If I were to scribble my own Overlooked in Ohio piece, Brian Harnetty would likely be my artist of choice. I’ve written about Columbus’s gentle giant quite a few times, and I began wondering what Harnetty has been up to lately. Turns out, quite a bit.
Like he did for his collaboration with Bonnie “Prince” Billy, Silent City, and his previous full-length, American Winter, Harnetty continues his excavation of the Berea College Appalachian Sound Archives in Kentucky, finding old folk songs, interviews and other odds & ends from Appalachia and layering the found sounds with his own instrumentation. His new album will be called Rawhead & Bloodybones, and it’s a collection of old archival folk tales as told by children. “The combination of the children’s innocence and the often gruesome tales is a pretty powerful combination already. I added some instrumental parts, and other samples,” Harnetty says. This one will be out in late winter/early spring of next year — on vinyl this time, too.
Harnetty also has a sound installation that will open Nov. 12 at a sound art gallery called the Audible Gallery, which is part of the Experimental Sound Studio in Chicago. The installation is based on the archives of enigmatic jazz musician Sun Ra. (He’s hopeful that this, too, may become an album, pending permission from the Sun Ra archives trustees.) Full description of the installation below. I particularly like this excerpt from Harnetty: “I am not a jazz musician. I cannot lay claim to Sun Ra’s history, nor can I ever fully understand him or his music. But I can listen, intently, and enter a dialogue, bringing my own knowledge and thought and experience.”
Posted in Catching up with, Chicago, Columbus, News
Tagged Atavistic Records, Audible Gallery, Berea College, Bonnie Prince Billy, Brian Harnetty, El Saturn, Experimental Sound Studio, Rawhead and Bloodybones, Sun Ra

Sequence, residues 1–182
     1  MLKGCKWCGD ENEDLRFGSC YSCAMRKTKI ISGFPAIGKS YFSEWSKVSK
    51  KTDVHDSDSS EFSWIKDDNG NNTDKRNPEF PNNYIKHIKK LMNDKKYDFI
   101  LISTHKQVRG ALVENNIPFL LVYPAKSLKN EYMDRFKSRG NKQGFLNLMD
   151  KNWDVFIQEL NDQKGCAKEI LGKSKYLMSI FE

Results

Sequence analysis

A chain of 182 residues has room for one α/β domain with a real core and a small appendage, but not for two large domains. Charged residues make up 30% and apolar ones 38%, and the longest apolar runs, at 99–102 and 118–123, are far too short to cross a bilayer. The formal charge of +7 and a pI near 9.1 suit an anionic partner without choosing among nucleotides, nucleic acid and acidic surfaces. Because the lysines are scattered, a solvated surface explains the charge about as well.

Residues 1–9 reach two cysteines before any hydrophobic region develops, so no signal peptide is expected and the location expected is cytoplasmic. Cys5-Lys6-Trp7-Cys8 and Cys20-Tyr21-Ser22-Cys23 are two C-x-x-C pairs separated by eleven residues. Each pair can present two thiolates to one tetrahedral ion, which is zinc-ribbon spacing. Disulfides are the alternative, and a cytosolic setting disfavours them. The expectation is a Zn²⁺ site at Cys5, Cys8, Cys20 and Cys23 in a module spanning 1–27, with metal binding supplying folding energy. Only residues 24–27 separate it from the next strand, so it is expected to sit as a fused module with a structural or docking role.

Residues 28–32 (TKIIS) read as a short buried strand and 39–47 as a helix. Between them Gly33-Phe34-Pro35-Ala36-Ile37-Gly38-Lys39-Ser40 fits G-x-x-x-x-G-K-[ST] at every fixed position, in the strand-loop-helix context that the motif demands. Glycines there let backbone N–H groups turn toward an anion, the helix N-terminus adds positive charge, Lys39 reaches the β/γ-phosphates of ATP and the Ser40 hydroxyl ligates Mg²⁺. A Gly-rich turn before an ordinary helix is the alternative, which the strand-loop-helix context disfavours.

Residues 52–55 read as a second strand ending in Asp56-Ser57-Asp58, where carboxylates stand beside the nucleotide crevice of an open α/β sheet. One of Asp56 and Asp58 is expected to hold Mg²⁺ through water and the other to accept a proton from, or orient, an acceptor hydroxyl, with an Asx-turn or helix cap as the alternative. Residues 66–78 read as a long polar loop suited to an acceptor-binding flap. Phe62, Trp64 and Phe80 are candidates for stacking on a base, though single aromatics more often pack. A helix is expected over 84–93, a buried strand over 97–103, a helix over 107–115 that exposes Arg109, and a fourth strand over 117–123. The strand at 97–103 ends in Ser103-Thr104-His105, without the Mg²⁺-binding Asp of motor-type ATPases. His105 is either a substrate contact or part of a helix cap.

mp3: Titles – Fully Dressed In Bed
Last summer I happened to catch a really weird show at Bernie’s. I can’t remember why I ventured out, but there was a really bad emo band called E for Explosion, which cut its set short because the PA was making a noise even worse than the band’s music, and then locals TV Eye and Winter Makes Sailors. And for some reason, a band from Connecticut called Titles got stuck with the opening slot that night.
Titles’ indie pop, led by singer Brad Amorosino’s singed-around-the-edges vocals, impressed me enough that I checked out their last record, 2008’s Up with the Sun (Safety Meeting Records, New Haven, CT). And that album impressed me enough that I’ve often wondered what Titles has been up to since. So I asked. Here’s what Mr. Amorosino said:
We’ve been recording our 3rd LP off and on for over a year. All the tracking was done at home, or wherever else we could set up (our practice space, [guitarist Matt Wilson’s] dad’s furniture store, etc.) We tracked maybe 17 songs, and it looks like 11 or 12 will end up on the record, which is called Dirt Bell. The name of the record comes from a book I’m finishing up. It’s a fairy tale called Demon and the Dirt Bell, in which two characters wander a strange planet in search of a mystical bell that, when struck, rings endlessly and turns evil creatures to dust. The record and the book have little in common, except maybe the mood and the artwork.
The record is being mixed by Greg Giorgio [engineered the National’s Boxer] atTarquin Studios in Bridgeport CT and has a late November release date. Safety Meeting Records is putting it out on vinyl. …Overall the record is less sunny than the last. The instrumentation is more layered and the sound is more trashy. The production on Up with the Sun was very clean because the whole thing was tracked at Tarquin. Dirt Bell was tracked at home so it has more grime on it. The tone of the whole thing is maybe more somber or aimless. …Our guitar/steel player Matt moved to Knoxville a few months back, but he tracked everything before he left.
Tentative track list and a couple of random in-the-studio shots after the jump. Continue reading